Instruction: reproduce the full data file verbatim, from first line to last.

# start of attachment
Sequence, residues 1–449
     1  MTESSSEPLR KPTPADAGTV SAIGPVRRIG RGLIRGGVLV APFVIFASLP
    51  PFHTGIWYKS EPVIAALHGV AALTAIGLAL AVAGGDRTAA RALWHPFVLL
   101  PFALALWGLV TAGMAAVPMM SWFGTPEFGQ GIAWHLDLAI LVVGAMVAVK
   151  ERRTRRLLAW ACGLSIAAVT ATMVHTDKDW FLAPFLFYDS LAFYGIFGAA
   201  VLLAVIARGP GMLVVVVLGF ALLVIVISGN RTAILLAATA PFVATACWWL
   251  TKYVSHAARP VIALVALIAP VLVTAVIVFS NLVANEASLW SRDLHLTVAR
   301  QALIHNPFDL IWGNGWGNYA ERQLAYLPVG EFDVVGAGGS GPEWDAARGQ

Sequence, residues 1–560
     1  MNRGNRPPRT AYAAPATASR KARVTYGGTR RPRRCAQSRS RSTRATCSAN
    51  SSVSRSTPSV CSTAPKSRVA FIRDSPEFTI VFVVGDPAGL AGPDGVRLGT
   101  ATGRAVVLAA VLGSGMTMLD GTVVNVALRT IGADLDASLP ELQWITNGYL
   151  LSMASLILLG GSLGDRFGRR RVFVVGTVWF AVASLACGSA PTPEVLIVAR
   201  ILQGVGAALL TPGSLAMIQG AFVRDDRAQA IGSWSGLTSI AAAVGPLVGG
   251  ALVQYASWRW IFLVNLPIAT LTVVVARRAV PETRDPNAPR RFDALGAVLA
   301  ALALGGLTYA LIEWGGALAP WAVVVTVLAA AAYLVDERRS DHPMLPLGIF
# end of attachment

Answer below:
Sequence, residues 1–449
     1  MTESSSEPLR KPTPADAGTV SAIGPVRRIG RGLIRGGVLV APFVIFASLP
    51  PFHTGIWYKS EPVIAALHGV AALTAIGLAL AVAGGDRTAA RALWHPFVLL
   101  PFALALWGLV TAGMAAVPMM SWFGTPEFGQ GIAWHLDLAI LVVGAMVAVK
   151  ERRTRRLLAW ACGLSIAAVT ATMVHTDKDW FLAPFLFYDS LAFYGIFGAA
   201  VLLAVIARGP GMLVVVVLGF ALLVIVISGN RTAILLAATA PFVATACWWL
   251  TKYVSHAARP VIALVALIAP VLVTAVIVFS NLVANEASLW SRDLHLTVAR
   301  QALIHNPFDL IWGNGWGNYA ERQLAYLPVG EFDVVGAGGS GPEWDAARGQ

Sequence, residues 1–560
     1  MNRGNRPPRT AYAAPATASR KARVTYGGTR RPRRCAQSRS RSTRATCSAN
    51  SSVSRSTPSV CSTAPKSRVA FIRDSPEFTI VFVVGDPAGL AGPDGVRLGT
   101  ATGRAVVLAA VLGSGMTMLD GTVVNVALRT IGADLDASLP ELQWITNGYL
   151  LSMASLILLG GSLGDRFGRR RVFVVGTVWF AVASLACGSA PTPEVLIVAR
   201  ILQGVGAALL TPGSLAMIQG AFVRDDRAQA IGSWSGLTSI AAAVGPLVGG
   251  ALVQYASWRW IFLVNLPIAT LTVVVARRAV PETRDPNAPR RFDALGAVLA
   301  ALALGGLTYA LIEWGGALAP WAVVVTVLAA AAYLVDERRS DHPMLPLGIF